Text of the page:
Even before African countries gained independence, Africa and China shared an intriguing and resilient relationship that despite the distance between the two continents, the now over sixty years cordial relationship between African countries and China can be described as brotherly.
Arguably, the relationship between the two has been characterised by visible solidarity and concerted efforts to engender fairness in the international system. During colonial period when the rest of the world saw Africans as mere objects as some sought to buy Africans as commodities during infamous slave trade, China embarked on a very important role of helping the colonized African countries to snap the shackles of ugly colonial and minority bondage. China’s stand at the time was seen as suicidal. A case in point is that at the time when Beijing announced a kind loan of over $400 Million to help in building of Tanzania – Zambia Railway in late 1960s, economically, China was learning to stand. At this time, China’s per capital GDP was three times less than that of Sub-Saharan–Africa. It can be recalled that till 1978, China’s per capita GDP stood at $156 whereas Sub-Saharan Africa’s averaged at $490!
It is against this background or clear history that Sino-Africa relations even during these hard and difficult times that have been beset by the coronavirus, the two sides continue to stand shoulder to shoulder.
Last week, Africa and China hosted a much-needed China-Africa Extraordinary Summit. The summit was chaired by China and Senegal (in its capacity as co-host of the Forum on China-Africa Co-operation –FOCA), and South Africa (as the current chair of the African Union). Dr Tedros Adhanom Ghebreyesus, the director-general of the World Health Organization (WHO) also attended.
During this summit, Chinese President Xi Jinping promised that China will continue helping African countries with equipments needed to contain the spread of Covid-19. Another great gesture was President Xi’s promise that China will waive some debt from African countries due this year, and also restructure time frames for repayment from some countries. While such measures are not very uniqueas the G20 also promised to be lenient to low-income countries encumbered with debt.
China’s promise of meeting bills of putting up Africa’s Centre for Disease Control (CDC) in Ethiopia’s capital Addis Ababa as was announced by African Union Commission in many ways shades light of not just a brotherly relationship between China and Africa but also a ‘heart-to heart’ relationship between the two.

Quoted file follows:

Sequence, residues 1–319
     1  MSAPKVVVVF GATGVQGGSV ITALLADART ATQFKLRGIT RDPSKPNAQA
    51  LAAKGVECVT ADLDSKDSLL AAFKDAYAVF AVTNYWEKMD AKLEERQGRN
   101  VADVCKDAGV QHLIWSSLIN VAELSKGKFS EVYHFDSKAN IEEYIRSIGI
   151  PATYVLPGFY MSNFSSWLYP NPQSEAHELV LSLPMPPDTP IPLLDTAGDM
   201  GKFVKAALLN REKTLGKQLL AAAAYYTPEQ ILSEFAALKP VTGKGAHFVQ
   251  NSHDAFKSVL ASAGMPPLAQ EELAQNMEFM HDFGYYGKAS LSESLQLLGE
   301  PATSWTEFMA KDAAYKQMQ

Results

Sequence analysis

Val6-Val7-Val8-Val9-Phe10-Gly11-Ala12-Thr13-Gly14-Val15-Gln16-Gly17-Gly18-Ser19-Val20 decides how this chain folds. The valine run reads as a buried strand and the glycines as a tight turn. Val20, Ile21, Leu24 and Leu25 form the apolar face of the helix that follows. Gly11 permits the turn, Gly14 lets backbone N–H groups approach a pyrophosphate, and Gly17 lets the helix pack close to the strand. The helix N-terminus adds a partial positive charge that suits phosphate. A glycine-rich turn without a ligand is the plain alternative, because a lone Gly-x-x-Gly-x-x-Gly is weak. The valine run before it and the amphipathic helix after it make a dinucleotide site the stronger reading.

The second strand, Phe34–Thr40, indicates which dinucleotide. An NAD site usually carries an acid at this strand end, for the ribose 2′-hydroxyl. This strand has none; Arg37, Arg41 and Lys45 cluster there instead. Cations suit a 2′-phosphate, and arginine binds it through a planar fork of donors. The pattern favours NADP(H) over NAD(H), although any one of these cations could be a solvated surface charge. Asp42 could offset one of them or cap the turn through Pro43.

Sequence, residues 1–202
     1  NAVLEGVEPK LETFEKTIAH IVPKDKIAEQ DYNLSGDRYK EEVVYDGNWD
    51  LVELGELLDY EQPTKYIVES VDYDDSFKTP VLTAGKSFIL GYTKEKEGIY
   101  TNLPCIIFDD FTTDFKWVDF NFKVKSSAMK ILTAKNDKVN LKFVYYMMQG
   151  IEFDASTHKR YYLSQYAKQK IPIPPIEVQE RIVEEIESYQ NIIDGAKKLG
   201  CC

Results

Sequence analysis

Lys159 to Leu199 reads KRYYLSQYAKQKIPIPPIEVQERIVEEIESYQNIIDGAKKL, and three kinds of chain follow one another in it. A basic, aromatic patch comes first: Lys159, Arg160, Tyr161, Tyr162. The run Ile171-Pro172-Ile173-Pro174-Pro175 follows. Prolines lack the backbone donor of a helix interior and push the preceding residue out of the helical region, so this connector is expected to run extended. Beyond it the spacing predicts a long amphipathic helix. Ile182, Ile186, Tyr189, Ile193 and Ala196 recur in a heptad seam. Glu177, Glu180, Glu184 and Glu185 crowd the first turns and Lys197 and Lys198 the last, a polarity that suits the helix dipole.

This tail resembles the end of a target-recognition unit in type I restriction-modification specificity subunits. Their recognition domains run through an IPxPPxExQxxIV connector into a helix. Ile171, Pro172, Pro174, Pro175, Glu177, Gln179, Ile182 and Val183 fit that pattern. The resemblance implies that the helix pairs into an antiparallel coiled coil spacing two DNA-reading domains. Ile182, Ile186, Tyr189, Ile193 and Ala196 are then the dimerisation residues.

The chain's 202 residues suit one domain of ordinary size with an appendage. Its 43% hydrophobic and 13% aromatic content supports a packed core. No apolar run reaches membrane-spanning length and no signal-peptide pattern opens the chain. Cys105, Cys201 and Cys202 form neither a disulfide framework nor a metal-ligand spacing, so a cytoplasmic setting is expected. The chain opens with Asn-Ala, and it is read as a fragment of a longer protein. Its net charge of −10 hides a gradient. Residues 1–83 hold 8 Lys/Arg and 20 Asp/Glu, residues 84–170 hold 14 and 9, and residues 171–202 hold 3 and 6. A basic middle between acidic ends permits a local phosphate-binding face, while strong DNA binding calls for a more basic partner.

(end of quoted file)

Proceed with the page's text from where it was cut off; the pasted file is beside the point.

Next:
Despite a few unresolved questions on the project; such as time frame of proposed CDC and the site, China’s pronouncement that Beijing is ready to fund the centre is enough to further describe Sino-Africa Relations as one of mutual benefit, respect and presents China as a true and reliable ally.
While on surface it may seem like a perfunctory decision, the choice of inviting WHO’s Dr. Tedros Adhanom Ghebreyesus to grace the occasion was stop-on for it communicated a clear message to those who doubt World Health Organization and was indeed a vote of confidence in Ghebreyesus who a few politicians in some capitals have described as China-Centric. Whether this criticism is political or otherwise, blame game at this critical time would certainly fail WHO’s efforts in ensuring Covid-19 is contained.
There is no doubt that the decision by Washington to withdraw financial support for World Health Organization at this critical time makes their work difficult, leaving negative consequences especially on regions like Africa which are arguably not fully self-reliant to singly deal with Covid-19.
By pulling out their funding from WHO, Trump Administration made it clear to those who want to know that you cannot count on them in the current international system, even when the situation calls for solidarity.
While this may seem far-fetched, one can conclude that it is high time Africa and China lowered their expectations of U.S leadership in dealing with Global crisis through existing International systems. America’s recent withdraw of funds from WHO should serve as an example that president Donald Trump will likely use the same method, he used to win 2016 election; such methods may include employing nationalistic sentiments, and scepticism towards multilateralism as he was clear during his last U.N address where he denounced Globalism. Such methods may in short term see him win the coming elections. What is clear is that impacts of hamstringing global institutions like the WHO in the end leave severe marks.
Therefore, the need for Africa’s own Centre for Diseases Control should not be delayed in anyway, AU leadership should swiftly address the current not tough questions by clearing where the centre should be constructed. Also, China and Africa should show WHO support in these unprecedented times. In my view, more than before, we need Sino-African solidarity.
Namara Collins, Lawyer and Research Fellow at, Development Watch Centre.